Green dook beetle (Gastrophysaor astroldea);cyn Melsh.)
Hawaiian beet webwoii THymea recurFvalis (F.
Large milkweed bug (Oncopeltus fasoiatus Dall.)









Melonworm (Diaphania hyalinata (L.)) Pea aphid (Macrosiphs ltb.))
Southern annywor (Prodenia eridania (Cram.))
Southern beet webworm (Pachyzancla bipunotalis (F.))
Spirea aphid (Aphis spiraecola (Patch))
Squash bug (Anasa tristis (Deg.))
Sweetpotato weevil (as formioarius elegantulus (Sum.)) Two-spotted spider mite (Tetranyos bimaoulatus Harvey)
Variegated cutworm (Peridroma margaritosa (Haw.))
Yellow-striped armywo (Prodenia ornithogalli Guen.)

Thirteen of the 19 species were reared in the laboratory. Those collected from field populations were the alder flea beetle, cotton aphid, green dock beetle, spirea aphid, squash bug, and two-spotted spider mite.

In the tests with larvae of the alder flea beetle and the green
dock beetle and with all lepidopterous insects, sections of leaves were dusted in a settling chamber or sprayed with a hand atomaiszer, allowed to dry, and then placed in petri ishes with test insects. The mites and aphids were dusted or sprayed while in contact with their respective hosts. The milkweed bugs and squash bugs were treated while confined ih crystallizing dishes, to which untreated food was afterward added. A minimum of 24 ooleopterous and lepidopterous insects was employed in each test. Much larger numbers of aphids and mites were used in most cases.

The results of the tests with the standard insecticides against
the various test insects are presented in table 1. High kills were obtained with all these materials at concentrations of 5 percent or less. In most oases, however, mortalities were also high when the concentration was only 1 percent or less.

Data on five copounds tested as 50-percent dusts are presented in table 2. These materials were all highly toxic at this concentration. However, with the exception of m-nitrobenzoio acid phenylhydrazide, all of them caused moderate to severe foliage injury. l-Ethoxalyl-2-phenylhydrazine, acetic acid pheny1hydrazide, and butyric acid phenylhydrazide were also effective against the insects tested when applied as sprays.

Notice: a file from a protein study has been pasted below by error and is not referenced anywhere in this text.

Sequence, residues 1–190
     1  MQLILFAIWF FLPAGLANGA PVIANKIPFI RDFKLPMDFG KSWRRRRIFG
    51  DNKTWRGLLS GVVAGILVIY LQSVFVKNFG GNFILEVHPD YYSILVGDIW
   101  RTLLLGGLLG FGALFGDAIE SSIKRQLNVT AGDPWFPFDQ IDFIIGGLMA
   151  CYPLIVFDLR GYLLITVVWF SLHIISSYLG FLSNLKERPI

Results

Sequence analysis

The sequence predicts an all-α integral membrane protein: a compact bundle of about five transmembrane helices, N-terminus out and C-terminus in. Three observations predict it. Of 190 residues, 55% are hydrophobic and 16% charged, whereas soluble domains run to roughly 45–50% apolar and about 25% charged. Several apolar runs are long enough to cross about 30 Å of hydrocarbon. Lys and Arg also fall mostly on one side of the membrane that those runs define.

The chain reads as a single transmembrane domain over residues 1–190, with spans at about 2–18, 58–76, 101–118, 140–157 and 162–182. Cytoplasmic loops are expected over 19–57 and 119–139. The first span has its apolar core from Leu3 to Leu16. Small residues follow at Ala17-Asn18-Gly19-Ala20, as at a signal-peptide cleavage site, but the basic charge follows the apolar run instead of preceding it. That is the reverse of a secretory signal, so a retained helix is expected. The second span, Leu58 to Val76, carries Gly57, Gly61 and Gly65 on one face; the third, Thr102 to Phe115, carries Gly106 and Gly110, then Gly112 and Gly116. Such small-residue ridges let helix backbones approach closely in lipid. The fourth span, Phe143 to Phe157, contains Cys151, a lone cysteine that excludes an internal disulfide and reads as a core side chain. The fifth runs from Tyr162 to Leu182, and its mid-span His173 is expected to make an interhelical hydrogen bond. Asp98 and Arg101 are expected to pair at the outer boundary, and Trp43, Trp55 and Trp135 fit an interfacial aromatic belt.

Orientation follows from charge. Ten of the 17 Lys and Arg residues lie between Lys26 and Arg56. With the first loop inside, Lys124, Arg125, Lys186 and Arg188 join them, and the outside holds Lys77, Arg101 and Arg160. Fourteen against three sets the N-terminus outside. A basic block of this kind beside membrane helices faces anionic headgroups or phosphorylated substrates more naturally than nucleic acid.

Data on 10 compounds showing high toxicity to insects when tested
as 25-percent dusts are presented in table 3. Six of these compounds caused moderate to high kills when tested as low-concentration suspension sprays. Two of them--sulfonic and valeric acid phenylhydrazides--were not very toxic to insects but caused serious injury to plant foliage. Isocaproic acid phenylhydrazide sprays caused no kill. No spray test was made of 2-nitrobenzoic acid phenylhydrazide.

Table 4 gives the results of tests with 20 of the phenylhydrazides that killed less than 75 percent of certain test insects.








Acetic acid phenylbydrazide, when employed as a 50-percent dust, showed some toxicity against three of the test insects. The phenylhydrazides of phenylacetic acid and 2-chlorobenzoic acid showed some toxicity against certain insects when tested as 25-percent dusts.


Literature Cited

(1) Bottger, G. T., and Levin, Clemence.
1947. Preliminary tests of synthetic organic compounds as insecticides. U. S. Bur. Ent. and Plant Quar. E-729 (Part III),
14 pp.